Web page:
In 1956, Mr Marijnen was the chairman of the Gelderland children’s home where Mr Heithuis and other children were abused. He intervened to have prison sentences dropped against several priests convicted of abusing children.
Dutch MPs will today call for a parliamentary investigation into the allegations.
“I am shocked that boys were being castrated in the 1950s,” said Khadija Arib, a Labour MP. “I want an independent investigation. We must find out how many cases there were, who knew about it and why the government did not act.”
Kathmandu, Nepal (CNN) — A 40-year-old mother of two was burned alive in central Nepal after she was accused of being a witch, police said Saturday.
Dhegani Mahato was attacked and set on fire by family members and others after a shaman allegedly accused her of casting a spell to make one of her relatives sick, Police Officer Hira Mani Baral said.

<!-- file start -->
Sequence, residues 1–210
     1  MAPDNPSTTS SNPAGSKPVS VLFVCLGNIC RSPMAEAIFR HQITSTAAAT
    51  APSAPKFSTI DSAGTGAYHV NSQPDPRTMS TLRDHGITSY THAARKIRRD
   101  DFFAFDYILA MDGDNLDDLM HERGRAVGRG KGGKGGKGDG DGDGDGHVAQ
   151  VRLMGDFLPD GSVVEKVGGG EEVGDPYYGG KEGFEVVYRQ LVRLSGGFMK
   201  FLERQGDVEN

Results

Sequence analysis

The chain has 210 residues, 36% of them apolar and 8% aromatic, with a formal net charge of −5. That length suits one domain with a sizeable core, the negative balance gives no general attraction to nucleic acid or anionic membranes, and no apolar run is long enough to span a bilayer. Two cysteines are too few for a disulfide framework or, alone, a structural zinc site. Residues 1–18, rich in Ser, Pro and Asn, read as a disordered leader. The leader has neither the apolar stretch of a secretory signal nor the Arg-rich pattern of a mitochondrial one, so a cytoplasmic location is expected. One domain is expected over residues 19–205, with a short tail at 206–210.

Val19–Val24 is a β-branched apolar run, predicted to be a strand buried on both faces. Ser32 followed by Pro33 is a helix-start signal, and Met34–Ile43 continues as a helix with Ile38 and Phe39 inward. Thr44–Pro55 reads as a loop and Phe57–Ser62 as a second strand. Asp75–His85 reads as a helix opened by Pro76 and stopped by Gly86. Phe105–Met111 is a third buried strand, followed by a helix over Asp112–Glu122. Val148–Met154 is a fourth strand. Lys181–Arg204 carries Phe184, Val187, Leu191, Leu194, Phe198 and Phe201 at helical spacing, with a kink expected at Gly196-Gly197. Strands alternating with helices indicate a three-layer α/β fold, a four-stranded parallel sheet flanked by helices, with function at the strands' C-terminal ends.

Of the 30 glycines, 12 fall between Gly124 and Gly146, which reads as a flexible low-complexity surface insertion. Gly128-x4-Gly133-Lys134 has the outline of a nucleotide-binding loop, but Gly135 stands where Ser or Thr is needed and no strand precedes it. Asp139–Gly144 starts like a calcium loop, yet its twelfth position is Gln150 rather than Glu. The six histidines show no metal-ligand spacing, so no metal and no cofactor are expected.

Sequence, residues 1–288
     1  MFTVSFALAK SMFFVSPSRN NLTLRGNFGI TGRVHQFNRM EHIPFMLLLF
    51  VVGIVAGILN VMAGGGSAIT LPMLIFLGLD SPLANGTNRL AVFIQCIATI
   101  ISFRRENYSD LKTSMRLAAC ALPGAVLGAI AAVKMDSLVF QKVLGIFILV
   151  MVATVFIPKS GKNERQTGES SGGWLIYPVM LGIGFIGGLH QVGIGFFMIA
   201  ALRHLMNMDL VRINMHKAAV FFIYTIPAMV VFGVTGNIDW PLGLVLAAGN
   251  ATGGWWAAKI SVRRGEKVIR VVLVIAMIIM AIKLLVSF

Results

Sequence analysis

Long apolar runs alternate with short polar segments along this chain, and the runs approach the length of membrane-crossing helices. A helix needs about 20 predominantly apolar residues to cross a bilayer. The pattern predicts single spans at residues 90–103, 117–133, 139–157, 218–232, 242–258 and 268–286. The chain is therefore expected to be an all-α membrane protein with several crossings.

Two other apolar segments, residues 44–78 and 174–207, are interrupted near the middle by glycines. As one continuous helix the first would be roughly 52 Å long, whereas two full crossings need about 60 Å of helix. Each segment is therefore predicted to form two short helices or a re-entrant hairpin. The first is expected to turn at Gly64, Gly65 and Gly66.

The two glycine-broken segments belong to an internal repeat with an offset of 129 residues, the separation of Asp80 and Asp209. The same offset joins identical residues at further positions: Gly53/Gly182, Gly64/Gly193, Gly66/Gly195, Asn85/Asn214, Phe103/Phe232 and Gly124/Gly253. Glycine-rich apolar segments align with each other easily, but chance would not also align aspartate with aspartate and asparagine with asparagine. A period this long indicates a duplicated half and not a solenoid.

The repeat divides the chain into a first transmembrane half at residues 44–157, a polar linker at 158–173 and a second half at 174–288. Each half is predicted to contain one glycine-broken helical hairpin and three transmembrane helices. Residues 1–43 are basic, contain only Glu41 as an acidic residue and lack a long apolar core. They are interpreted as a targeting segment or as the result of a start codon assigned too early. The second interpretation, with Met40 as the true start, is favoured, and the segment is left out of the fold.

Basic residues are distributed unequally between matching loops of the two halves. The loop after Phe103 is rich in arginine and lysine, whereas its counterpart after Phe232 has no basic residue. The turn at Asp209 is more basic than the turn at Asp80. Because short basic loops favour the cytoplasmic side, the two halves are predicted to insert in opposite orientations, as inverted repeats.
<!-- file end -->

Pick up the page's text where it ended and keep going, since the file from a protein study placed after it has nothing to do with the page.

The attack occurred Friday in Bagauda in Chitwan district, about 80 kilometers (50 miles) southwest of the Nepalese capital, Kathmandu, Baral said by telephone.
Police arrested 10 people, including two shamans, five women and an 8-year-old boy, in connection with the burning.
“Those arrested have confessed to their crime and will be charged with murder,” Baral said.
Mahato had just finished cleaning a cowshed early in the morning when she was attacked, Baral said.
She was beaten with sticks and rocks before being doused with kerosene and set afire, an attack witnessed by her 9-year-old daughter, according to the local police report.
Neighbors told police they were alerted to the attack but by then it was too late to save her.